Right in the centre - ‘Good enough’ isn’t good enough


By Ken Waddell

Neepawa Banner & Press

“That’s good enough,” is an often stated message. It’s also not true. It’s a cop out, an excuse to avoid excellence. Excellence should be the goal, good enough is a fall back position when you can’t achieve, or perhaps can’t afford, excellence.

I do not believe in over achieving or killing ourselves in pursuit of perfection, but in so many ways, we fall short of excellence when it could be achieved. Columns could be better written, stories better researched. Roads could be built better and made smoother. Maybe potholes could actually be filled in. Urban planning could be done better. No, “good enough” is not good enough.

Our education levels could be higher and better. Our buildings could be more efficient and more economical. And speaking of buildings, makes me think of housing. We can’t really say we are short of housing in Canada when many people have two or three houses. We can’t legislate against that situation, but I do cringe when people say we are short of housing and they may own two or three. They can only live in one at a time. I don’t have a solution, maybe somebody else does, but at least, mathematically speaking, in Canada, we are not short of housing.

As for towns and municipalities, the question they are always facing is, “Are we doing all we can? And if so, how to pay for it?” Having been a member of council on two occasions and having covered municipal politics for over 30 years, I have a bit of an insight as to how things work. There is never enough money to get everything done that needs to be done. Sometimes there isn’t enough money to even complete the urgent projects. One thing councils could do is to apply more pressure through the Association of Manitoba Municipalities on the senior levels of government to implement “one envelope” funding. That would mean that, instead of providing project-by-project funding on a piece meal application basis, municipalities would get funding on a predictable, annual basis. As it is now, everything from recreation centres, to flood damage, to water, sewer and road construction is dependent on applying for funds and hoping you get to the serving pot before the food runs out. It makes for a very wasteful and messy process. In many cases, senior levels of government insist on over-engineering projects. Two examples are the Park Lake bridge at Neepawa and a bridge at Neepawa Golf Course. Millions are being wasted on those two projects alone due to over-engineering.

A regular letter-to-the-editor writer, Fred Tait, questioned me when I said we may have more civil servants than we need. I suggest that he look at the provincial and federal government and ask if we had “one envelope” funding from senior governments to municipalities if we would need so many people overseeing and complicating project applications.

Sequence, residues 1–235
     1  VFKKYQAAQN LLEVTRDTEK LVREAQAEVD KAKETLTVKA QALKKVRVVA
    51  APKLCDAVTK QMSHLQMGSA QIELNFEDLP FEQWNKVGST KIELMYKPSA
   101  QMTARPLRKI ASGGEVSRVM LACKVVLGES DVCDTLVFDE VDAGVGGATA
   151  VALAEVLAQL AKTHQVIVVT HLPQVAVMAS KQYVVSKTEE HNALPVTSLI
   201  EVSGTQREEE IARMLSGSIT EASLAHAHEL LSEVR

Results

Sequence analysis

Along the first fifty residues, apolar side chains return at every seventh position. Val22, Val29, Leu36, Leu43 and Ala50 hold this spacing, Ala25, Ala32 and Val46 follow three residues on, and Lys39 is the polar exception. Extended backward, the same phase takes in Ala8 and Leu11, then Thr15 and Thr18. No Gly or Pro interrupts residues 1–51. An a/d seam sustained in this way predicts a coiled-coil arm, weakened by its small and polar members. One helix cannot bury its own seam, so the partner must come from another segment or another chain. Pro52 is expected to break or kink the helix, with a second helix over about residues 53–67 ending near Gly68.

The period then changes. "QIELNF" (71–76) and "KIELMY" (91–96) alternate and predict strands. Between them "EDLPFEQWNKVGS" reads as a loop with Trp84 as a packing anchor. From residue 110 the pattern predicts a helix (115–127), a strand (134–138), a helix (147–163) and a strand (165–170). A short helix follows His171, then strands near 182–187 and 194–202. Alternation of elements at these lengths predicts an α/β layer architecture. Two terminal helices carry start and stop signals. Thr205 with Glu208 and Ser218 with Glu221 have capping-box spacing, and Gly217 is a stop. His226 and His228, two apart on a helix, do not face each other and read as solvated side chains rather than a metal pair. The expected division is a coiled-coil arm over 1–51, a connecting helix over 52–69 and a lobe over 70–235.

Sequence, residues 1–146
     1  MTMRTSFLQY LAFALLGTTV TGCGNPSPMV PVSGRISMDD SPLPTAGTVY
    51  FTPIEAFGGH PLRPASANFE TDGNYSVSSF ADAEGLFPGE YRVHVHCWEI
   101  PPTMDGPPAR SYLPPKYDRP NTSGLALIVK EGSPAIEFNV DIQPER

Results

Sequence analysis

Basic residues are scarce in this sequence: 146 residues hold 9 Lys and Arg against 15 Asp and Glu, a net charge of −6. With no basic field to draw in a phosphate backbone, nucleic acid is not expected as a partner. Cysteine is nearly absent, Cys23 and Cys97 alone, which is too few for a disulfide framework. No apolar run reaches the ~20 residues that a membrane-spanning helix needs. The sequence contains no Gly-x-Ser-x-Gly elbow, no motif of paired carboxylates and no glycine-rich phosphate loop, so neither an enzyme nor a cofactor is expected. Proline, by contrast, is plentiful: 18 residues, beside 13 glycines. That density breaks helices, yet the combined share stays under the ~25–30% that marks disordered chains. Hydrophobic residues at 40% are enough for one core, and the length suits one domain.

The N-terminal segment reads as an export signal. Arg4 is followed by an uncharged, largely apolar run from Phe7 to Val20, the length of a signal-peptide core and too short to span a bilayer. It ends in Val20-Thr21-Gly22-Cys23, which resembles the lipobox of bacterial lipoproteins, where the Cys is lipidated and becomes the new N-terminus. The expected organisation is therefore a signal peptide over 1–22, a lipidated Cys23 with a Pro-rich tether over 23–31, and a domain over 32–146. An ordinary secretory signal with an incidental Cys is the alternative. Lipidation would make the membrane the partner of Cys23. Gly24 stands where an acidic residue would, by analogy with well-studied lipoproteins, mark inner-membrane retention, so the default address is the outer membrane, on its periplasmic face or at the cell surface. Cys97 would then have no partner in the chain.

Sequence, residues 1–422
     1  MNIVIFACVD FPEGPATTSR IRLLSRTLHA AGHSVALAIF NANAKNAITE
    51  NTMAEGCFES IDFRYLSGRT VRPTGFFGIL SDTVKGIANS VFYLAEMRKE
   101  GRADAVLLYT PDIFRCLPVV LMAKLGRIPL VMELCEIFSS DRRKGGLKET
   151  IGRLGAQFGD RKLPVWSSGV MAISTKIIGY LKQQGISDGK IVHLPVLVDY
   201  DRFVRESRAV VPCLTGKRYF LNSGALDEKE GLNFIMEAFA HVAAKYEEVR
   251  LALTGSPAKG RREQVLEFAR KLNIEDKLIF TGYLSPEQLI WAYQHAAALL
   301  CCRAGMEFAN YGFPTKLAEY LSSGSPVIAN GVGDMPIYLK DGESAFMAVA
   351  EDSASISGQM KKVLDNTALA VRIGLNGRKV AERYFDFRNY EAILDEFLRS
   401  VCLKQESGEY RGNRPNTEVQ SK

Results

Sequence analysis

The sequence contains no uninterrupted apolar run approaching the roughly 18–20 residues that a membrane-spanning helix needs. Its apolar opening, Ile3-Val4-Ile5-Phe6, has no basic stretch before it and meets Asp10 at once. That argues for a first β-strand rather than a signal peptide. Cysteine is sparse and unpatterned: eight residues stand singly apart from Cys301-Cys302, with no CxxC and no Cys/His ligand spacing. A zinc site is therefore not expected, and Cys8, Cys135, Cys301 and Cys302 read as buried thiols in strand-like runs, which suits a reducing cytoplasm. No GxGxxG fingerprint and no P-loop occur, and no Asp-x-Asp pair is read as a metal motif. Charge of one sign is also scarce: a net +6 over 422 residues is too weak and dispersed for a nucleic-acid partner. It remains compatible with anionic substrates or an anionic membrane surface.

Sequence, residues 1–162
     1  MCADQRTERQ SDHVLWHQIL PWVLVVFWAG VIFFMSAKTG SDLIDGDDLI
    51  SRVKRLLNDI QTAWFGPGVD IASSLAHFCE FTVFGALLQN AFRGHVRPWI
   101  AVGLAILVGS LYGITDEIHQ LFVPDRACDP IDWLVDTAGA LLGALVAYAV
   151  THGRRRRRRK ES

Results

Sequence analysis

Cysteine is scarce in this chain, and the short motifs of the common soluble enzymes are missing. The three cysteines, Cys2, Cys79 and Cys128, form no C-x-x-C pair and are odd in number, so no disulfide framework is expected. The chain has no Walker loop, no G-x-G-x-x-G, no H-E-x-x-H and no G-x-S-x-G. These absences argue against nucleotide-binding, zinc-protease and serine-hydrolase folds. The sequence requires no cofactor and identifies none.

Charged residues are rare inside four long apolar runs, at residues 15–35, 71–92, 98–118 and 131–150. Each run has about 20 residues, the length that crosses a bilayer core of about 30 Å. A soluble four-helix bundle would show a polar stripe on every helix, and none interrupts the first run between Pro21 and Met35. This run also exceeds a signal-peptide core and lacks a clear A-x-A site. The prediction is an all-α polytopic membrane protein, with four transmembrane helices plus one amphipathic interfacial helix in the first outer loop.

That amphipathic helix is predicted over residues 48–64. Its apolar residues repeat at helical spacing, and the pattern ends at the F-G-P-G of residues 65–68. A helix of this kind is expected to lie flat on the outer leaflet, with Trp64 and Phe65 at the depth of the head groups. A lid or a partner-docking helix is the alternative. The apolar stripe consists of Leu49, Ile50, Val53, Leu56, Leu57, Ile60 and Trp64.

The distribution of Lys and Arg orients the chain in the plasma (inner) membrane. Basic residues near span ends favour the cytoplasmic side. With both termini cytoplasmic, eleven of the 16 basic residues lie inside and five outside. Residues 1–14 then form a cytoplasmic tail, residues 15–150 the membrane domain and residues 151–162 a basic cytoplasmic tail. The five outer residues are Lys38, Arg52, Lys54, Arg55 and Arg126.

As a province, we certainly fall short of excellence. Manitoba is still a have-not province. One internet chart shows that the feds send Manitoba over $2 billion in transfer payments. We should hang our collective heads in shame. That Manitoba, rich in people, resources, land and market opportunities, has to be on the federal welfare roll is mind-boggling. “Good enough” is clearly not good enough for us as a province.

Just being “Good enough” failed us immensely in our provincial response to COVID-19. We fell far short in the care of our elderly. What we asked of our care workers was wrong at many points, as well. The biggest shortfall was provision of ICU beds. North Dakota has far more than Manitoba and that just doesn’t seem right. Some would ask why we would need more ICU beds. We were “good enough” before. Were we? We didn’t have enough for COVID-19, we may be short again. If we have another pandemic, or a disaster in the future, we will be short again. Just imagine if we had a major hotel fire, gas explosion or an air crash in Manitoba. We simply aren’t prepared for a major incident and COVID-19 proved that point clearly.

At all levels of government and business, we could do more. We could be better, faster and more productive. And with less stress. We could grow more of everything, process more food, mine more minerals. There is no limit to the potential for Manitoba and Manitobans.

The biggest challenge for us all is that we could do more. Yes, “good enough” has to go as we continue to strive for excellence.

Manitoba should spend less time on re-jigging slogans and more time on actually re-jigging our policies, procedures and planning. Excellence has been achieved in Manitoba not nearly often enough. Let’s hope we can get where we need to be so that excellence is achieved far more often than just “good enough”.

Disclaimer: The views expressed in this column are the writer’s personal views and are not to be taken as being the view of the Banner & Press staff.